Bringing bots into our everyday lives

Serial entrepreneur Brian Hecht joins Hari Sreenivasan to discuss how many companies are working to find new ways to bring bots into our everyday lives.


Bots have contributed to everything from chat rooms to Apple's Siri.

Today companies as prominent as Facebook and as small as your neighbor's start-up are working to find new ways to bring bots into our everyday lives.

Brian Hecht, our resident serial entrepreneur and advisor to many digital teams, including our own, joins us to discuss this global trend.

First off, what's a bot?

A bot is any technology that allows a human being to interact with a machine using artificial intelligence, sometimes using natural language but now also increasingly using text, whether it's in a messenger app or in a text message.

So, for example, sometimes if I'm trying to get tech support on a product or a page, it might not be a human, it might be an artificial-intelligent being?

It could be.

You can usually tell.

I mean, the way that people right now think of bots or artificial intelligence is in Siri or in Amazon's Echo.

And we know that that's a little bit glitchy.

I mean, you'll ask Siri, 'What's the score for the Mets game?'

and you'll get the weather in Mexico, which is a problem.

But that technology is getting better, and there's also an infrastructure that's growing that enabled sort of more efficient ways, like chatting in a CRM, in a customer-service kind of way, that's making it much more usable and much more, you know, efficient.

Everyday life examples of how bots in the next three or four years might be interacting with us?

Yeah. Well, there are examples right now.

I mean, the real breakthrough came earlier this year when Facebook announced that it would support bots in its Facebook Messenger, which I think a lot of us use, and it opened it up to developers to say, 'Go ahead and make apps or technology that will work within Facebook Messenger,' and almost immediately, more than 10,000 companies began developing bot technology for Facebook Messenger.


'Cause Facebook has an interest in you staying inside their ecosystem, right?

That's right.

The more questions you get answered, the longer the relationship you have.

As long as it's inside their garden, they're happy.

That's exactly right.

So, there's a few ways that you could use it actually right now.

Taco Bell just announced a new program -- it's still in beta -- but where you can actually order tacos for your office for lunch.

Without any humans involved in that chain?

You never have to speak to a human, and it's more interesting and fun than doing one of the online ordering systems because it'll offer you discounts and it can really be interactive with you.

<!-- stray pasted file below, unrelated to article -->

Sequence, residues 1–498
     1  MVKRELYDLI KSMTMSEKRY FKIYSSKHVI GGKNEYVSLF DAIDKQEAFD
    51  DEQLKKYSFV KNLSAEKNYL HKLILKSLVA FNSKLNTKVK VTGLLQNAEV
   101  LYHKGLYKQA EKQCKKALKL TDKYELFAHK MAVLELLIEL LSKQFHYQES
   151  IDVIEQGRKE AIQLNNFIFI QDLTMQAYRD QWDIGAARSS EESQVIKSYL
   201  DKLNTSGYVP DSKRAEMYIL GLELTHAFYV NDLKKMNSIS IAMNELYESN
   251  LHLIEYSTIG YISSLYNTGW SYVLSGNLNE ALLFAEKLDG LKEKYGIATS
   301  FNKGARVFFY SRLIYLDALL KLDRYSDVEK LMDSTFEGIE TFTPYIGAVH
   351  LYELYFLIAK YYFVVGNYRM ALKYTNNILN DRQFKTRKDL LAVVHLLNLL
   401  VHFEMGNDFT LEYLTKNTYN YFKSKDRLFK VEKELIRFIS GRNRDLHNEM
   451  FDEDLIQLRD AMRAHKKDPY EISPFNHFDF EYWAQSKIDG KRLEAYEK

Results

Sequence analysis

Another example is, if you're a video gamer, Activision has a franchise, 'Call of Duty.'

In the advance of a new release, they decided to create hype by having a bot on Facebook that directed you, in the voice of a character from the video game, to solve different puzzles, and if you did the puzzles, you unlocked an exclusive trailer that, for you, is very exciting.

So, why are investors looking into this space?

I mean, is it because this is part of that giant automation trend, meaning reduced labor costs and higher profits?

Some of it is that, but I think a lot it has to do with the user experience.

I think we're detecting that there's a little bit of app fatigue.

If you look at the app download, it sort of plateaued in terms of general-usage apps.

If you think about your own phone, you kind of downloaded all the apps that you need, and you might download one for a novelty.

So, what do you do next?

You make them better and you change the user interface so instead of tapping on things, you're either talking to things or typing to things, and that's a behavior that's sort of more organic to the way we communicate with each other.

So, they're looking for ways to tap in to more value in apps and services that we're already using, and that's kind of a common investment hypothesis.

And there are some venture-capital firms that are now focusing exclusively on bot technology, and that's very often sort of an early signifier that that's where the money's gonna be flowing.

So, do companies build their own bots, or are they now essentially the equivalent of what used to be app-development firms and houses that are now botmaking factories?

All of the above, yes.

Some companies are developing their own, if they have very robust internal engineering, but an example is a company called Shopify that just acquired a smaller bot company called Kit CRM.

Shopify is a company that lets you run your own stores online, and they use the kit technology so that if you run a store, you'll get a text message in the morning that gives you your sales report, and you can write back and say, 'Give me a more detailed report' or 'Send a thank-you note to all of my customers.'

But that's a good example of where the innovation is coming from the start-up and then it's getting acquired and incorporated into bigger companies.

All right, Brian Hecht.

Thanks for joining us.

My pleasure.